Younger generations entering into the work force have more advanced technology at home than they do in the work place. Are we paralyzing innovation from the start by not enabling a work environment that is conducive to thought stimulation and creative drive? Older generations have so much knowledge and younger generations learn and transfer information in a different way. They want the information when they need it, and that may not be right now. We have to create a medium to allow a transfer of knowledge to be archived and accessible when needed.

Rick Potts, director of the Human Origins Program at the Smithsonian Institution National Museum of Natural History said, “Man has two key advantages, our brains and our capacity for culture.” This statement segues into the next point, which is that this digital transformation is less about digital and more about transformation. In the history of new and emerging technologies, not once have we created a technology that has not created more jobs than it has displaced. From typewriters, to telephones, from the computer and the internet and now A.I. and Robotics.

We cannot treat digital transformation as a threat and we cannot think of it as a single project or technology, it must become us. Health Safety and Environment is a prime example of what can happen when we become culturally mature around an idea. Although speed, accuracy, security, simplicity, and relevance are all important, Rome was not built in a day. Mark Twain said, “I would have written a shorter letter, but I didn’t have time.” We have to be diligent in our journey to take the time to do it right but also to have a sense of urgency in our effort to execution. We must have a willingness to fail, a tolerance for ambiguity, and a system of foundational technology. Too many companies start with the big data and the analytics and the shiny toys, but do not have a foundation to breed success long term. The biggest corporate struggle in this new digital transformation is HR. Why? Transformation has always been about people. Bill Gates wrote in his book, The Road Ahead, back in 1995 about how the internet would be the ultimate universal middleman and create a world of friction-free capitalism. We now know that the internet created some of the largest middle man companies in the world such as Amazon, Facebook, Uber, etc. I think Bill Gates failed to consider the single most important factor involved in transactions regardless of technology, trust.

David Horsager says, “The single uniqueness of the greatest leaders and organizations of all time is trust.” Trust is a human value and as we look at what makes us human we are able to understand digital transformation’s place in an organization. Trust has an innate ability to combat fear. If to have knowledge is to have power than to have truth is to have no fear. With so many buzz words these days, A.I., M.L., Digital Transformation, Big Data, Analytics, Augmented Reality and so on, it is easy to lose focus on what we are trying to do and how this can all be used pragmatically. Digital Transformation has always been about doing less with more. Artificial intelligence should improve and enhance our organizations and perform the repetitive and mundane task to free up managers and workers to do more human intelligent task. Humans deal with a lot of noise (i.e. reporting, scheduling, data entry), we can reduce the noise and allow for faster and more accurate decision making at all levels of the organization. If you have not affected a decision someone has made based on data that otherwise would not have been known, you have not created any value.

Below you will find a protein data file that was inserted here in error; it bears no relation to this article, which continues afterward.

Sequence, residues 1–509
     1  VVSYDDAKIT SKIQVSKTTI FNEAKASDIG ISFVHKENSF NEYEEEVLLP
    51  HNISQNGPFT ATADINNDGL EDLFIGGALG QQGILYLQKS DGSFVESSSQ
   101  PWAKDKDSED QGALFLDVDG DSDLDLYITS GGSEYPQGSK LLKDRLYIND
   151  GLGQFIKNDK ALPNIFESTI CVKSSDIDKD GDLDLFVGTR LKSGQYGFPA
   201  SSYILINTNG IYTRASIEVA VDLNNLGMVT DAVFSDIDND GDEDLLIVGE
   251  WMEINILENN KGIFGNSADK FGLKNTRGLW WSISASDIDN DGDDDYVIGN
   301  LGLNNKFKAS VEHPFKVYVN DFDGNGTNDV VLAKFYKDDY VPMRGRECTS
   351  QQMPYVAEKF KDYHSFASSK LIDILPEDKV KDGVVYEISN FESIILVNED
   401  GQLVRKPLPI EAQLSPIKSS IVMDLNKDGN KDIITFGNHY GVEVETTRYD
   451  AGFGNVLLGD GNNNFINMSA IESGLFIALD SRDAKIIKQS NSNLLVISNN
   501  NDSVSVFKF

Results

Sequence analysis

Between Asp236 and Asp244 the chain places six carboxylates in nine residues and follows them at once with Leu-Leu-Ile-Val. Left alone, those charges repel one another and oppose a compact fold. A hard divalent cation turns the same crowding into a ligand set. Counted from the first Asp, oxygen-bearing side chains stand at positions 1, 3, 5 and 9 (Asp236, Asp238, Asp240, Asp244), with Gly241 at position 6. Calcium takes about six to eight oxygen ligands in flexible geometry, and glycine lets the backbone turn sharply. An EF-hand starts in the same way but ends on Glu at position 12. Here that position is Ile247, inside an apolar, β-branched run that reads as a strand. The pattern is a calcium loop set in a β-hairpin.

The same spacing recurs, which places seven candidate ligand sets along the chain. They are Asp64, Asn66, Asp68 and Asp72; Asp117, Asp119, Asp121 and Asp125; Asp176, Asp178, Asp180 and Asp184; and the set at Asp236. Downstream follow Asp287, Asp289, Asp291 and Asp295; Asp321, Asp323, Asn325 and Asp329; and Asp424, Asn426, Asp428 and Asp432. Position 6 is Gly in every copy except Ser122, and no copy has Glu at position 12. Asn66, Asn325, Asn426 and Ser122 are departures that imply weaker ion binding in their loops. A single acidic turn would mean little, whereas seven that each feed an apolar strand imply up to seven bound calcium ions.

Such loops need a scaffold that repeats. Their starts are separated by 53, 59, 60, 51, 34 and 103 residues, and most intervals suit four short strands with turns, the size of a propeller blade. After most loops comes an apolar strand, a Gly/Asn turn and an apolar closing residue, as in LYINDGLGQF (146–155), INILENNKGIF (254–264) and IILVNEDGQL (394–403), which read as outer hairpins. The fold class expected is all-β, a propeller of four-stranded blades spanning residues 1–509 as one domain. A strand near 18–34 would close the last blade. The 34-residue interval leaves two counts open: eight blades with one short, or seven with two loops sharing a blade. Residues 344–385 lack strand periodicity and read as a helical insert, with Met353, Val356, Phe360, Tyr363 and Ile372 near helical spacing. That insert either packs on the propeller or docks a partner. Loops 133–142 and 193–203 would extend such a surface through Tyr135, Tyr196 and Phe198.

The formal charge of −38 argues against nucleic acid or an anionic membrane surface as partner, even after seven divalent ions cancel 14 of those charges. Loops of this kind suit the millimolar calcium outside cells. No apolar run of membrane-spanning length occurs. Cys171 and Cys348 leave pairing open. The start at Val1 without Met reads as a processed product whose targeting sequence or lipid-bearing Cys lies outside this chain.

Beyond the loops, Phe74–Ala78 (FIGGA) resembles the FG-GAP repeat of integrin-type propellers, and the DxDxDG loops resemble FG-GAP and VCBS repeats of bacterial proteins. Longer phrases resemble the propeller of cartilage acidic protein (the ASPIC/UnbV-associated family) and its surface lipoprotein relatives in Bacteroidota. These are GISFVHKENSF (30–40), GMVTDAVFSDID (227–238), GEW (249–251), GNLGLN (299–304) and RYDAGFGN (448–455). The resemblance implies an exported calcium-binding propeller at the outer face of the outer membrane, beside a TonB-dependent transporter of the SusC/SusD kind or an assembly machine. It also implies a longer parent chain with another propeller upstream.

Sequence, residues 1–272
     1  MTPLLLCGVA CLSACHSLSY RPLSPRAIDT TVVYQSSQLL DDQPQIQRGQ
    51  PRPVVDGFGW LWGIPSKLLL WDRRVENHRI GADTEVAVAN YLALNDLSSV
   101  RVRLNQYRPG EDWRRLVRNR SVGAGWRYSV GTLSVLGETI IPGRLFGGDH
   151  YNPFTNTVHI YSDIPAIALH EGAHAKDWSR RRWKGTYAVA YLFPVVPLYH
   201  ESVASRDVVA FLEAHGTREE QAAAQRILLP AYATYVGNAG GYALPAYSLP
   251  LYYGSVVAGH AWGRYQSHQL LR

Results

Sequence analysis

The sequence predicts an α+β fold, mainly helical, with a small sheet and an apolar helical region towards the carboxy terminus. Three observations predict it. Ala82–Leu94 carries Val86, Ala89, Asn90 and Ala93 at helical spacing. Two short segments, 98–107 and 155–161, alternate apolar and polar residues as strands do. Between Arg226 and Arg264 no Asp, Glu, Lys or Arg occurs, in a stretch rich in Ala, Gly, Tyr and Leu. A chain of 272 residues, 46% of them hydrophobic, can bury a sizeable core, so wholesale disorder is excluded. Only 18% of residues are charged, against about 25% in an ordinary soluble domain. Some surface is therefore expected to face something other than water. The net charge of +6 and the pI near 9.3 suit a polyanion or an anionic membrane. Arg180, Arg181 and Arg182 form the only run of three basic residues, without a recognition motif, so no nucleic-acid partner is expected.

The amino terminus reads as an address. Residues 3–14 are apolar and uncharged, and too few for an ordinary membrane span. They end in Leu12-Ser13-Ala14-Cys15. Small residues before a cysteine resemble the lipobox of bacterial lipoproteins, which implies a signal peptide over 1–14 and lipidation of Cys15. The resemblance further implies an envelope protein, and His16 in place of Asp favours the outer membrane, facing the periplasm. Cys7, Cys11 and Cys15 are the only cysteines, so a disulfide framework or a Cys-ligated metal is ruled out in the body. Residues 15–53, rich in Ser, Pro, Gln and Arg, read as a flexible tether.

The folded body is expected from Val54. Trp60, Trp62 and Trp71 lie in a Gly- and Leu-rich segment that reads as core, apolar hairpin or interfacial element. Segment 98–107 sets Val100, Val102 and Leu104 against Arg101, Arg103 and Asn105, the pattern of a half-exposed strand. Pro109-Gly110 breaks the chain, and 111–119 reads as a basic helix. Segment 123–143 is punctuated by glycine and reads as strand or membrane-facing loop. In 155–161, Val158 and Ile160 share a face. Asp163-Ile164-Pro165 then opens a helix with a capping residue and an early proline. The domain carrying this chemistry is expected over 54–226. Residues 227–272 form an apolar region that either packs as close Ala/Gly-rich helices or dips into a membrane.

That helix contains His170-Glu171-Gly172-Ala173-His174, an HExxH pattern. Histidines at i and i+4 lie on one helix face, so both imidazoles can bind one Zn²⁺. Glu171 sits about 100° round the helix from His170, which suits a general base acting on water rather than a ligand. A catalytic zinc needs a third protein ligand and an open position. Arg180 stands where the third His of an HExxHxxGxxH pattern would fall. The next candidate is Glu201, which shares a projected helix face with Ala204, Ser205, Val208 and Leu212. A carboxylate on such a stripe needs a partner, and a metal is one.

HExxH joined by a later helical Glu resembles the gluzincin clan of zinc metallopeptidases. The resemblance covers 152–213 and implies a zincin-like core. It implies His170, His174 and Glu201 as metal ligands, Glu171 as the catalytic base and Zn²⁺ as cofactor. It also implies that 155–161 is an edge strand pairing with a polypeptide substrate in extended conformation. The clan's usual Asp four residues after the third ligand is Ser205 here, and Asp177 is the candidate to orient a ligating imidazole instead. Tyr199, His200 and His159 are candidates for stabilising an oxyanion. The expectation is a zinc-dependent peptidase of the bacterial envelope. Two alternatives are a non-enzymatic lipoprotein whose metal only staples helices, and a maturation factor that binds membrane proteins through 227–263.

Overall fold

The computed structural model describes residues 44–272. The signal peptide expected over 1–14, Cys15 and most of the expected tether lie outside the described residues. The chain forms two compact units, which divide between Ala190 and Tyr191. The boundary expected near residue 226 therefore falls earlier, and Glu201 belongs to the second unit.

Knowledge not data, allows for a more predictable approach.

Knowledge is our time machine and data are the roads.

Transformation is not about what you are changing, it’s about where you are going and where you want to be. Artificial Intelligence only exist because of Human Intelligence. When we provide truth and transparency, we dissipate fear and we can achieve great things.

References:

  1. https://www.psychologytoday.com/us/blog/brainsnacks/201203/the-only-5-fears-we-all-share
  2. https://books.google.com/books?id=qWQ2DwAAQBAJ&pg=PA197&lpg=PA197&dq=the+fear+of+humiliation,+shame,+or+any+other+mechanism+of+profound+self-disapproval+that+threatens+the+loss+of+integrity+of+the+Self;+the+fear+of+the+shattering+or+disintegration+of+one%27s+constructed+sense+of+lovability,+capability,+and+worthiness.&source=bl&ots=bdjV_Wi3jc&sig=ACfU3U3Fbv3Z9Z0aJEdEnpxxTrBs52ikPA&hl=en&sa=X&ved=2ahUKEwiGtJmAxaXjAhVlrlkKHcDXAVoQ6AEwCHoECAcQAQ#v=onepage&q=the%20fear%20of%20humiliation%2C%20shame%2C%20or%20any%20other%20mechanism%20of%20profound%20self-disapproval%20that%20threatens%20the%20loss%20of%20integrity%20of%20the%20Self%3B%20the%20fear%20of%20the%20shattering%20or%20disintegration%20of%20one’s%20constructed%20sense%20of%20lovability%2C%20capability%2C%20and%20worthiness.&f=false
  3. Photo Credit: https://www.progora.co.uk/About/Blog/Progora-Blog/August-2017/History-Future-Digital-Transformation